September 11, 2008
Shortage Looming of First-Stop Doctors?
By The Associated Press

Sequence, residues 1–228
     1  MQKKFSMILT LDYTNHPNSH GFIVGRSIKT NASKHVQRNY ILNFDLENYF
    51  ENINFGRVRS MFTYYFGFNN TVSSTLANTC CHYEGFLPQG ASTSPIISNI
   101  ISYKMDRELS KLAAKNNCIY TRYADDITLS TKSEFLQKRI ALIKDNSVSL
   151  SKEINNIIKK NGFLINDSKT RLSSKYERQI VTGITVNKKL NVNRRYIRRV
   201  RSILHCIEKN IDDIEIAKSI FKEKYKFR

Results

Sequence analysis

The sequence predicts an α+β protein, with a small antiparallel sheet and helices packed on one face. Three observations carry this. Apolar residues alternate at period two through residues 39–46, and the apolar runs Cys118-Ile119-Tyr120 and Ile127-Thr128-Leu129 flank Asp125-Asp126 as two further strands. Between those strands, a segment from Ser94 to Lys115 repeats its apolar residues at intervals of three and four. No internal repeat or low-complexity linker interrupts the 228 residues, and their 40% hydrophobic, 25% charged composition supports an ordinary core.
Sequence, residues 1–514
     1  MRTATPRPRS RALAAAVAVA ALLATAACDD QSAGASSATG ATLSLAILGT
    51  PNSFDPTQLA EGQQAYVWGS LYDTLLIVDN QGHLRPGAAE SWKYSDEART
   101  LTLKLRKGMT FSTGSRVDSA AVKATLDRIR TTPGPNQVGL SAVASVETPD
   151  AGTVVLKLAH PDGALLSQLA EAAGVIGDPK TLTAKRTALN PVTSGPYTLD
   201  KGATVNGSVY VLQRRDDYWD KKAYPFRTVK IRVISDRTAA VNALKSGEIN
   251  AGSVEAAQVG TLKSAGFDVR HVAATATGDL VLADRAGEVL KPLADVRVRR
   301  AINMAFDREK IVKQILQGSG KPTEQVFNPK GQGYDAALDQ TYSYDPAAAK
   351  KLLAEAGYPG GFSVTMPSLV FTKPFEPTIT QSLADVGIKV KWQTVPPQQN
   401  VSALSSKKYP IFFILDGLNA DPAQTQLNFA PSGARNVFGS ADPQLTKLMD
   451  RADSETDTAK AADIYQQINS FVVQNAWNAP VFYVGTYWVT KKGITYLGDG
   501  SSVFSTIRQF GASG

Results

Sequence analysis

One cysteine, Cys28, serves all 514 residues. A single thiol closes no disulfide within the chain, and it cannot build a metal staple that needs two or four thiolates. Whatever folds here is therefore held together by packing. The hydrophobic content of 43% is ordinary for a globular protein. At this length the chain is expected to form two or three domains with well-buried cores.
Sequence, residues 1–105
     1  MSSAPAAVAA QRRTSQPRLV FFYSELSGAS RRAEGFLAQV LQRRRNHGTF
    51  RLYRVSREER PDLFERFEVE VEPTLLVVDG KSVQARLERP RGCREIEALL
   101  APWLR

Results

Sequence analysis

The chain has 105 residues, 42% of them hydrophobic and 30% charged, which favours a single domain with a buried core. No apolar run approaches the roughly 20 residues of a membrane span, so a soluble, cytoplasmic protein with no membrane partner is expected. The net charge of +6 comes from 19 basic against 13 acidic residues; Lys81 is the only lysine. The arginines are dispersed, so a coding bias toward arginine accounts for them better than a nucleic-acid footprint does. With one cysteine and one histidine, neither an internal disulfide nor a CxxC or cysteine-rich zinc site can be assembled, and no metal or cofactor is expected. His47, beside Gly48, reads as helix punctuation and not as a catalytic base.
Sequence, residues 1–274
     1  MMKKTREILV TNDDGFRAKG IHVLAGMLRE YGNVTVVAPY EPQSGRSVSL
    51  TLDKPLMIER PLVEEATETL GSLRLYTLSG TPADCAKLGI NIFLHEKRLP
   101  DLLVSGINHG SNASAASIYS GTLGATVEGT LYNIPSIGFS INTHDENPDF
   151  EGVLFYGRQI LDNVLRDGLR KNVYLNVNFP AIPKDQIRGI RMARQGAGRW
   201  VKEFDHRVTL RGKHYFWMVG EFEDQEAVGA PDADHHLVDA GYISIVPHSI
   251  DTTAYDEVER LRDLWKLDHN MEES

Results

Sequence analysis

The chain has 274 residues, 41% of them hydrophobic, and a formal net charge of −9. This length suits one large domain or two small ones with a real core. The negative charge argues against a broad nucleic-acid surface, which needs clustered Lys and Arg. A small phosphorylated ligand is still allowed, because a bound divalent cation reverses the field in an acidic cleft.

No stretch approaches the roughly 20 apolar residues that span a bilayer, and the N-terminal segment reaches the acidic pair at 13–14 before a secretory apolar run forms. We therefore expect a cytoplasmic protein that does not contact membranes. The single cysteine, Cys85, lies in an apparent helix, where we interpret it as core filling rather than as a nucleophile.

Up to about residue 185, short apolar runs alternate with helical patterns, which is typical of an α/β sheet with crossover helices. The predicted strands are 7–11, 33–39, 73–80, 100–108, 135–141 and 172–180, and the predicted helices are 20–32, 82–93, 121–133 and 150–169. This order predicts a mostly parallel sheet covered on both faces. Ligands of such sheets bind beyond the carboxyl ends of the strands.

CHICAGO (AP) - Only 2 percent of graduating medical students say they plan to work in primary care internal medicine, raising worries about a looming shortage of the first-stop doctors who used to be the backbone of the American medical system.The results of a new survey being published today suggest more medical students, many of them saddled with debt, are opting for more lucrative specialties.The survey of nearly 1,200 fourth-year students found just 2 percent planned to work in primary care internal medicine. In a similar survey in 1990, the figure was 9 percent.Paperwork, the demands of the chronically sick and the need to bring work home are among the factors pushing young doctors away from careers in primary care, the survey found."I didn't want to fight the insurance companies," said Dr. Jason Shipman, 36, a radiology resident at Vanderbilt University Medical Center in Nashville, Tenn., who is carrying $150,000 in student debt.Primary care doctors he met as a student had to "speed to see enough patients to make a reasonable living," Shipman said.Dr. Karen Hauer, of the University of California, San Francisco, the study's lead author, said it's hard work taking care of the chronically ill, the elderly and people with complex diseases - "especially when you're doing it with time pressures and inadequate resources."The salary gap might be another reason. More pay in a particular specialty tends to mean more U.S. medical school graduates fill residencies in those fields at teaching hospitals, Dr. Mark Ebell, of the University of Georgia, found in a separate study.Family medicine had the lowest average salary last year, $186,000, and the lowest share of residency slots filled by U.S. students, 42 percent.Orthopedic surgery paid $436,000, and 94 percent of residency slots were filled by U.S students.Meanwhile, medical school is getting more expensive. The average graduate last year had $140,000 in student debt, up nearly 8 percent from the previous year, according to the Association of American Medical Colleges.